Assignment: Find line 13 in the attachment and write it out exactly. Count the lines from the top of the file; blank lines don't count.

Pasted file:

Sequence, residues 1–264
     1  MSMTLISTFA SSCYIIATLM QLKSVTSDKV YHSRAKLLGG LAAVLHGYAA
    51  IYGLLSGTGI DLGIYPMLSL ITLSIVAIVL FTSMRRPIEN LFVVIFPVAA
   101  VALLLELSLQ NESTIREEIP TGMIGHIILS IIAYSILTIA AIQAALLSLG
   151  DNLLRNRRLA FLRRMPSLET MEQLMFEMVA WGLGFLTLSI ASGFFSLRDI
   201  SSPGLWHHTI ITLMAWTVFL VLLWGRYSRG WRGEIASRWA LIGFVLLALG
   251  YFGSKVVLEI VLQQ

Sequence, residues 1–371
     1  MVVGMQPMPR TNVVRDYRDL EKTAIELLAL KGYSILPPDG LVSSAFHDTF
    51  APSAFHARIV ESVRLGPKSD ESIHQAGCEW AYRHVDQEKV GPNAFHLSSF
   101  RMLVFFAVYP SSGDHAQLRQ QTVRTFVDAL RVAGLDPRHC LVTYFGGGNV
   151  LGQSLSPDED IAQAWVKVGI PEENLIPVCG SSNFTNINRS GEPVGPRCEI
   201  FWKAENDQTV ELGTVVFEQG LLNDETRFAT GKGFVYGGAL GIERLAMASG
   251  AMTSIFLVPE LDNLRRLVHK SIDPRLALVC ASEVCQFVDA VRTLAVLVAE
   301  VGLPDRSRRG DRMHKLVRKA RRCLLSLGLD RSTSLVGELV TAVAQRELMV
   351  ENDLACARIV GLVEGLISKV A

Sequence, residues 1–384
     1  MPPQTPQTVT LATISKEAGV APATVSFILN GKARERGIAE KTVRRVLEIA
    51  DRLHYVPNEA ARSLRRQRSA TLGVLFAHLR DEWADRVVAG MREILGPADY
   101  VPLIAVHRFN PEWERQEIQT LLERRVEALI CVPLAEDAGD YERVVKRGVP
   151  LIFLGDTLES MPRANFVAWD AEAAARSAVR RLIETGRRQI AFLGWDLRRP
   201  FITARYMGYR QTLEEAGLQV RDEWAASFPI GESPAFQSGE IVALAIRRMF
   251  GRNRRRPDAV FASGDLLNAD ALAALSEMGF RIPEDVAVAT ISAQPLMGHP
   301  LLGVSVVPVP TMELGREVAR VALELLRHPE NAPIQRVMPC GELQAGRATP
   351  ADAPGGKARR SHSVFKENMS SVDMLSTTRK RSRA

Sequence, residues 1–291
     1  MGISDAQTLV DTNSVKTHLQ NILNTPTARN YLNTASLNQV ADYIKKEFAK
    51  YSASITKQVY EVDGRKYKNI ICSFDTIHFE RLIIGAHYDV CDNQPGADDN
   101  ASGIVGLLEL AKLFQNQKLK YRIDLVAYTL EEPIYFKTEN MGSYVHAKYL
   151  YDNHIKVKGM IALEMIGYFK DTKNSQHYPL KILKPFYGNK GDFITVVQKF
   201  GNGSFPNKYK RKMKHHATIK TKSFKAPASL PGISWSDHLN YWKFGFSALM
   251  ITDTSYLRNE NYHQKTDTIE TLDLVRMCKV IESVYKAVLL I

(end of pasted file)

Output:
   201  FWKAENDQTV ELGTVVFEQG LLNDETRFAT GKGFVYGGAL GIERLAMASG